The Supply Chain Matters blog wanted to make readers aware of a newly released executive survey report that addresses the current cost of ongoing supply chain disruptions.
This report which is titled Cost of Supply Chain Disruption, was commissioned by GEP, a procurement and supply chain strategy, software and services provider, and conducted by the Economist Intelligence Unit (EIU).
The EIU organization surveyed 400 senior supply chain and procurement executives within five vertical industry sectors (Agriculture and Food, Industrials, Consumer Goods and Retail, Healthcare and Pharmaceutical and Energy and Utilities) among eight different countries. The authors indicate that 60 percent of surveyed executives were categorized as C-level with the remainder being director-level or above.
According to the report’s summary conclusion: “. while COVID-19 was a significant factor, it was only one of the disruptive forces that strained and occasionally broke supply chains.”
As to the most significant supply chain challenges global organizations are facing, this report cites compliance as the primary challenge, manifested by constantly changing trade regulations, cyberattacks, supplier risks, and managing brand reputations.
The report calculates lost revenues of between $2 trillion to $4 trillion, based on quantification that over 64 percent of companies with revenues exceeding $1 billion reporting revenue losses of between 6 and 20 percent. The report authors further pointed to 38 percent of companies with revenues exceeding $1 billion indicating significant damage to the brand and operational cost increases directly attributed to supply chain disruptions.
“While COVID-19 upended every company’s, supply chains and operational plans last year, geopolitical risks — regional trade policy, instability, corruption — represent an organization’s biggest concern (31.5%) than any other factor, including increasing labor costs in supplier countries.”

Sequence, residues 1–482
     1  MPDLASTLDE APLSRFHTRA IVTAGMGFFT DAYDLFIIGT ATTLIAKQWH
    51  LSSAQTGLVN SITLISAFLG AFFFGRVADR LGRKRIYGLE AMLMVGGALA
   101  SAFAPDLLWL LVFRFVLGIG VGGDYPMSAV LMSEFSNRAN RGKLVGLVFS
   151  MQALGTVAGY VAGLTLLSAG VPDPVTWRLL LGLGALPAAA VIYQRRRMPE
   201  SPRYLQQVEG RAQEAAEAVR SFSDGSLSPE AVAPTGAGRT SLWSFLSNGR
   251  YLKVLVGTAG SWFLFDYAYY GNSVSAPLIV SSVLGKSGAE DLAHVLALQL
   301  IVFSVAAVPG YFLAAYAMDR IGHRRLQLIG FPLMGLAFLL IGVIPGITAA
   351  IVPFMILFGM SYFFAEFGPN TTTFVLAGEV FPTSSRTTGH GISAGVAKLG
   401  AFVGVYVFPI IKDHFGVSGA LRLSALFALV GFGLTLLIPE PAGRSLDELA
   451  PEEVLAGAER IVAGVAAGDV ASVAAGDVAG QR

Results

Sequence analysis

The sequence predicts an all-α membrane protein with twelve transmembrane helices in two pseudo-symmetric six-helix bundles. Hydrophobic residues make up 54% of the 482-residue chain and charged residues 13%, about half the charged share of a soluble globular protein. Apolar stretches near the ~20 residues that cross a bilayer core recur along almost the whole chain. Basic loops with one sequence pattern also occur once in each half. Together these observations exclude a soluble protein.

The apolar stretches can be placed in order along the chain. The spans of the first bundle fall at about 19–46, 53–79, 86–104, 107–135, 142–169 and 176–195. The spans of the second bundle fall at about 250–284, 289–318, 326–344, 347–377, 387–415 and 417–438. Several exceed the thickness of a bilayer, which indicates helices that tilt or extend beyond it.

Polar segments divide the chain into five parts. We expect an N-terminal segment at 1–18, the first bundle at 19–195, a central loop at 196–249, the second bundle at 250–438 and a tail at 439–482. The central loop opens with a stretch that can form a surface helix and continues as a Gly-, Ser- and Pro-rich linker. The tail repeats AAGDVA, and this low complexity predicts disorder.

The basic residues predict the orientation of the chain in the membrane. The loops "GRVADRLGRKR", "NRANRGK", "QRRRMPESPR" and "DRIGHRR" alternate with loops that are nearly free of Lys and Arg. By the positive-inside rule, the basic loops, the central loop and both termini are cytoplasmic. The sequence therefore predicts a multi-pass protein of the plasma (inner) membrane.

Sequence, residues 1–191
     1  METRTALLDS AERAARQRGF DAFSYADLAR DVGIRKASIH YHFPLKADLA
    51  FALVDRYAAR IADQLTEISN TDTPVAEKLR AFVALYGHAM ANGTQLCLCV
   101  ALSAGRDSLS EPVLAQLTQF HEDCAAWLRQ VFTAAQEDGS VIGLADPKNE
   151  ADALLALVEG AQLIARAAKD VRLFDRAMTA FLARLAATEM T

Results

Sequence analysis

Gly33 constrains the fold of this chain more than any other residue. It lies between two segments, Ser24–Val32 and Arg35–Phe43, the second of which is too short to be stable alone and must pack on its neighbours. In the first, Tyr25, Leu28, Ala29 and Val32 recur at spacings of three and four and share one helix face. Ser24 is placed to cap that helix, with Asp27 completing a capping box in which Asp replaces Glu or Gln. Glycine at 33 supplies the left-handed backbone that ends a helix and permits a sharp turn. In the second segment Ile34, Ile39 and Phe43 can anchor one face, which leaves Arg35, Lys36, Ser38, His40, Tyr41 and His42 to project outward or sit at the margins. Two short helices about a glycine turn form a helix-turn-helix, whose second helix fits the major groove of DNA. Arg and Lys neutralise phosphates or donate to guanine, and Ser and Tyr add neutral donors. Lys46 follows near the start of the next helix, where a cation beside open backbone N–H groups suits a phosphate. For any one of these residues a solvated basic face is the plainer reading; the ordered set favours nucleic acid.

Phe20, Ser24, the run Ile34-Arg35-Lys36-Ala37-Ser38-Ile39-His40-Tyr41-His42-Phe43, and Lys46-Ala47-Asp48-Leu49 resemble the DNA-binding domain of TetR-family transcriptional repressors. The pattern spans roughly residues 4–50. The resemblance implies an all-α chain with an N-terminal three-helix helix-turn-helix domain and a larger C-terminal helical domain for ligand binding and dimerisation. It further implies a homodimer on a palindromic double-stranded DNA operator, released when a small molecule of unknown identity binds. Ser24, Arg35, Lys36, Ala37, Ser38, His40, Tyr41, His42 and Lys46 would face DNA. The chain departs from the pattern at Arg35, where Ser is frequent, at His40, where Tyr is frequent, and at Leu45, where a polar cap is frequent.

Among directional or roadmap perspectives, what we found of added interest relative to this survey were statements:
“Signaling a major shift in strategy, sixty one percent (60%) of respondents agree that “redundancy and resilience in their company’s supply chain are more important than speed and efficiency.”
From our Supply Chain Matters lens, the above finding seems a consistent view among senior procurement leaders. It is an example of new or revised thinking that is occurring and how capabilities are being weighted. However, alignment of such goal setting has to include business as well as other supply chain operational and planning stakeholders.
A further roadmap perspective was reported as:
“More than half of the executives surveyed (54%) say that organizations must make significant changes to effectively manage supply chain disruptions in the next five years.”
From our Supply Chain Matters lens, the above finding is an example of new direction setting that senior supply chain executives are establishing. Our belief is that the notions of timetable are very much business and industry specific.
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